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Monday, Jan 24, 2022

Former Xinjiang paramilitary chief takes command of Hong Kong garrison

Former Xinjiang paramilitary chief takes command of Hong Kong garrison

Major General Peng Jingtang met Chief Executive Carrie Lam on Monday and pledged to ‘safeguard national sovereignty, security and development interests’.

Beijing has sent a senior paramilitary police chief from Xinjiang to head the PLA’s Hong Kong garrison, a move indicating the role of armed forces stationed in the Asian financial hub had changed and would extend to countering riots, observers said.

Major General Peng Jingtang, a former deputy chief of staff of the People’s Armed Police (PAP), and Xinjiang PAP chief of staff, is the newly appointed commander of the Hong Kong garrison, according to Xinhua.

Major General Peng Jingtang.


Hong Kong Chief Executive Carrie Lam Cheng Yuet-ngor met Peng on Monday at Government House. She said her administration would work with the garrison to safeguard stability and prosperity in the city, according to a government statement.

The new commander said he would work to “resolutely safeguard national sovereignty, security and development interests and firmly safeguard” the stability of Hong Kong, Xinhua said.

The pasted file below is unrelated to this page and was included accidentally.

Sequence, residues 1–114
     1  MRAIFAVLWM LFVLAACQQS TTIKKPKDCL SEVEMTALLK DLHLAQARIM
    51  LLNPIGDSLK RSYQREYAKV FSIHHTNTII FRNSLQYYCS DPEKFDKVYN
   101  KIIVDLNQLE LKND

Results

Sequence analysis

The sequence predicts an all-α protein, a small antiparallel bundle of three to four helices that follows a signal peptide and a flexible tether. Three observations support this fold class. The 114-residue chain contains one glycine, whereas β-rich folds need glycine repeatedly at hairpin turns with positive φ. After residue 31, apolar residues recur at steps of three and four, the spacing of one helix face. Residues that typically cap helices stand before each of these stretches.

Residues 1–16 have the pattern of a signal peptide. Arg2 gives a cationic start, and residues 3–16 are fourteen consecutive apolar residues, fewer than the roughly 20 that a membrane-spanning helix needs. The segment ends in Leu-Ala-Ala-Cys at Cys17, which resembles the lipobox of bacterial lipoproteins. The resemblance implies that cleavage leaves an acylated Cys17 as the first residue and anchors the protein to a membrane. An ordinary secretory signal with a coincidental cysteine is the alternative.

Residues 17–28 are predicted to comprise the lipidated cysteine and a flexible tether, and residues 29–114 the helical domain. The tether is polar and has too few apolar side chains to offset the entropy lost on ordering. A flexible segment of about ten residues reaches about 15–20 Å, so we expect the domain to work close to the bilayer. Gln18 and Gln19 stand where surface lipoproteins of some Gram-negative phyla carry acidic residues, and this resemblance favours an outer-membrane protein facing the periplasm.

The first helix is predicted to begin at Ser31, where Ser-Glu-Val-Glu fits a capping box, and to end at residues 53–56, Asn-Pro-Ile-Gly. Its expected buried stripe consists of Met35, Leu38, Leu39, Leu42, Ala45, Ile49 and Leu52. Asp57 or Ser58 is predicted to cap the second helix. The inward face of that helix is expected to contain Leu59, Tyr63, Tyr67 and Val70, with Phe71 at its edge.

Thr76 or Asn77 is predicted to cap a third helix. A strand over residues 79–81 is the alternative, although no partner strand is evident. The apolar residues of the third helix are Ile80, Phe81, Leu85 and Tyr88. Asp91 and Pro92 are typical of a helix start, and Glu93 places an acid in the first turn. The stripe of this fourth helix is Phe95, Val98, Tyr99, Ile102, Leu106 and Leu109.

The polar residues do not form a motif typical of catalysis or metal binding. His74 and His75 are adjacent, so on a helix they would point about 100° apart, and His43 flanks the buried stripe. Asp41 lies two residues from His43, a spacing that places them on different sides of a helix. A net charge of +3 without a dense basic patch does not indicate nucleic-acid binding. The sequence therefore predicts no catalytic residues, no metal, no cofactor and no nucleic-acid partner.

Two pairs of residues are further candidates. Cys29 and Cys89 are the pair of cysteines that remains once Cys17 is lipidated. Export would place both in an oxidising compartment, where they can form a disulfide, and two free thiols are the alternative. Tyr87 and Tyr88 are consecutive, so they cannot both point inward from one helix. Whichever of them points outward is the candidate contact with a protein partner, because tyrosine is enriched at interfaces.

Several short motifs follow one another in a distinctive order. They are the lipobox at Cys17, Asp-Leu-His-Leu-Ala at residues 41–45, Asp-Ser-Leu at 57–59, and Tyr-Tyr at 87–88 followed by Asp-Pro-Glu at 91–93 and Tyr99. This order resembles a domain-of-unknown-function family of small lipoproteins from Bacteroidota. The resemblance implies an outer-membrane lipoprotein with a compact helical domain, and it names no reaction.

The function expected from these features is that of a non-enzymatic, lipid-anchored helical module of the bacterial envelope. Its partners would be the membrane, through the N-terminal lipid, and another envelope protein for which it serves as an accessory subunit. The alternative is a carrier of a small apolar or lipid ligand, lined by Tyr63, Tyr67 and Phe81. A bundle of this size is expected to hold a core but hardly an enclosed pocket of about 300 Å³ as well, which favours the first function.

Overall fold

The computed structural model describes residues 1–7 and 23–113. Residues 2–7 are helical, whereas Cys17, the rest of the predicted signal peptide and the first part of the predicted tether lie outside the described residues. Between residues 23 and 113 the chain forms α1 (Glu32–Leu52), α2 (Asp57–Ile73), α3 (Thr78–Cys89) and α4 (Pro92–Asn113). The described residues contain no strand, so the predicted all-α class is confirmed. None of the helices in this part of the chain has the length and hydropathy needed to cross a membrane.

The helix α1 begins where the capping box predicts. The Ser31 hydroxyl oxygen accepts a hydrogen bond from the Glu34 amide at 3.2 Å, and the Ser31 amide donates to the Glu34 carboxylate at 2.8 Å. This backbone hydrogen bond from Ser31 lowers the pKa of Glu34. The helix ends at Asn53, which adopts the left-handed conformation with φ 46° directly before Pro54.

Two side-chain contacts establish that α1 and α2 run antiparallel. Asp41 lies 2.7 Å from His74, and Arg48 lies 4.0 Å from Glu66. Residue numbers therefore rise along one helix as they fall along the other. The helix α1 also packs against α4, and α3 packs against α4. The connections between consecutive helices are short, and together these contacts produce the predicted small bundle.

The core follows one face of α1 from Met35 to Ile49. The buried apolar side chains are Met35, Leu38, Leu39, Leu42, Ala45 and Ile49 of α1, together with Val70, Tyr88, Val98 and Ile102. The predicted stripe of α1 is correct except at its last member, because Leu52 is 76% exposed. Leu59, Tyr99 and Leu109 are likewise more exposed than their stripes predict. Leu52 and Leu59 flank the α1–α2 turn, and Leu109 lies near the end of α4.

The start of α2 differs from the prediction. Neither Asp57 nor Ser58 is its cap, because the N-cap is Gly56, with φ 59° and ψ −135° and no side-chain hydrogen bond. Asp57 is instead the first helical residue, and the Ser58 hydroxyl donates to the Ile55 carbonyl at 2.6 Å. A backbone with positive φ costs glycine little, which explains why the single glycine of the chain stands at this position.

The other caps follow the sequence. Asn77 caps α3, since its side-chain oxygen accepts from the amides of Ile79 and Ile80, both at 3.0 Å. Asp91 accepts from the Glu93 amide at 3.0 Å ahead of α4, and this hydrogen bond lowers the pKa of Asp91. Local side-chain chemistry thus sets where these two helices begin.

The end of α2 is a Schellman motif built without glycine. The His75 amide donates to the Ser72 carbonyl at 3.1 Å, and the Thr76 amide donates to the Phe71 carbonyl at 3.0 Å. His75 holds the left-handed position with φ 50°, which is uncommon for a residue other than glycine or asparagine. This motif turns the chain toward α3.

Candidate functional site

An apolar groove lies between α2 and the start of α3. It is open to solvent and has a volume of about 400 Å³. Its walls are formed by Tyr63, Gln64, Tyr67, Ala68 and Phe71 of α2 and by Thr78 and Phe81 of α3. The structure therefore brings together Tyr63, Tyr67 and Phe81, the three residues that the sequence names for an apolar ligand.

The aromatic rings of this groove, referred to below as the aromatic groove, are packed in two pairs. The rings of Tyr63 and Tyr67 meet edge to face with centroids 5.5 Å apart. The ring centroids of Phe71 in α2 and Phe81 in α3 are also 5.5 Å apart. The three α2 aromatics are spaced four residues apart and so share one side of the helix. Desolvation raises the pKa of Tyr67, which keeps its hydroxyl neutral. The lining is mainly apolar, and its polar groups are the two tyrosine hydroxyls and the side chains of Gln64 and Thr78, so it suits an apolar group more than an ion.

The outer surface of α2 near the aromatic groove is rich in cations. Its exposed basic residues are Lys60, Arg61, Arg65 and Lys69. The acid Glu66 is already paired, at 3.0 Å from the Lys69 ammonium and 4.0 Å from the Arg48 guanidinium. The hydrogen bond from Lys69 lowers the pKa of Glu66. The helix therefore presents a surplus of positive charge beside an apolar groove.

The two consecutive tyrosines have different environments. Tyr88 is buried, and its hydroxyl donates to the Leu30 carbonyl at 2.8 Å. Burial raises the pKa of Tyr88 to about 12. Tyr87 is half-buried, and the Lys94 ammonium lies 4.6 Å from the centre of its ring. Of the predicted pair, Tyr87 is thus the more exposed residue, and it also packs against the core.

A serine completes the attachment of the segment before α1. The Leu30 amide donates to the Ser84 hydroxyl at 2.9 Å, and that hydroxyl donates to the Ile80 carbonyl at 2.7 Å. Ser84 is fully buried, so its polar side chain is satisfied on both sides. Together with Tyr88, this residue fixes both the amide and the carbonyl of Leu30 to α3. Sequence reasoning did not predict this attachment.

Official reports did not reveal who the garrison’s new political commissar would be or what became of Peng’s predecessor, Major General Chen Daoxiang, who came to the city in 2019.

The appointment of a senior PAP officer, the first to land the Hong Kong job, came months before the Chinese Communist Party’s 20th National Congress, a five-yearly conclave expected to take place in autumn, when Xi is set to start his third term as the party’s leader.

“The new appointment is part of leadership reshuffling and special arrangements before the party’s 20th congress … because the situation outside China is volatile,” a source, who requested anonymity due to the sensitivity, told the South China Morning Post.

“Hong Kong should keep order in the coming year as the city is going to have the chief executive election in March.”

Andrei Chang, editor-in-chief of the Canada-based military magazine Kanwa Asian Defence, said Peng’s deployment to the city showed how the role of the Hong Kong garrison had changed, extending from defence of territory and sovereignty to counter riots and anti-terrorism.

“The Hong Kong garrison has acquired many anti-terrorist and counter-riot weapons and equipment since the anti-government protests in 2019 … many were transferred from the armed police force,” Chang said.

“Peng’s appointment reflected Beijing’s fear of potential riots in Hong Kong. The central government attempts to prevent the ongoing anti-government sentiment to be turned into social unrest, or even extreme terrorist attacks.”

In 2019, soldiers from two units in the garrison helping to clean up in the street were reported to be from elite counterterrorism brigades in the Western Theatre Command, which also oversees Xinjiang.